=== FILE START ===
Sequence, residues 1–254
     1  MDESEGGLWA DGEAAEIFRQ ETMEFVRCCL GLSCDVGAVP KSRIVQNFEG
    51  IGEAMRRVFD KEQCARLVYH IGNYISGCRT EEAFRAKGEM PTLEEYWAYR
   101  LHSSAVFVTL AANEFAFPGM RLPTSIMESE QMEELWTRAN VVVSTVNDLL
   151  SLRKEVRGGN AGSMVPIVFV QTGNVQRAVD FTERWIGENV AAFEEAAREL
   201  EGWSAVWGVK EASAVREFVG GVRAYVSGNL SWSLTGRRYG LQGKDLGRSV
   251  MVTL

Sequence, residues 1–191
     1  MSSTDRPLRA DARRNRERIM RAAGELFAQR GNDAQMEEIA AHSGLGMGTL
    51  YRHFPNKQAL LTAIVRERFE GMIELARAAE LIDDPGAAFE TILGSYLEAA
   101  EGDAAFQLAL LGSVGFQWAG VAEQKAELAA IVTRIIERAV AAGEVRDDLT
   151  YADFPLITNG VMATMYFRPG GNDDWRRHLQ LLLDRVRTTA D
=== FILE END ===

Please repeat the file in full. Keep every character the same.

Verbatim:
Sequence, residues 1–254
     1  MDESEGGLWA DGEAAEIFRQ ETMEFVRCCL GLSCDVGAVP KSRIVQNFEG
    51  IGEAMRRVFD KEQCARLVYH IGNYISGCRT EEAFRAKGEM PTLEEYWAYR
   101  LHSSAVFVTL AANEFAFPGM RLPTSIMESE QMEELWTRAN VVVSTVNDLL
   151  SLRKEVRGGN AGSMVPIVFV QTGNVQRAVD FTERWIGENV AAFEEAAREL
   201  EGWSAVWGVK EASAVREFVG GVRAYVSGNL SWSLTGRRYG LQGKDLGRSV
   251  MVTL

Sequence, residues 1–191
     1  MSSTDRPLRA DARRNRERIM RAAGELFAQR GNDAQMEEIA AHSGLGMGTL
    51  YRHFPNKQAL LTAIVRERFE GMIELARAAE LIDDPGAAFE TILGSYLEAA
   101  EGDAAFQLAL LGSVGFQWAG VAEQKAELAA IVTRIIERAV AAGEVRDDLT
   151  YADFPLITNG VMATMYFRPG GNDDWRRHLQ LLLDRVRTTA D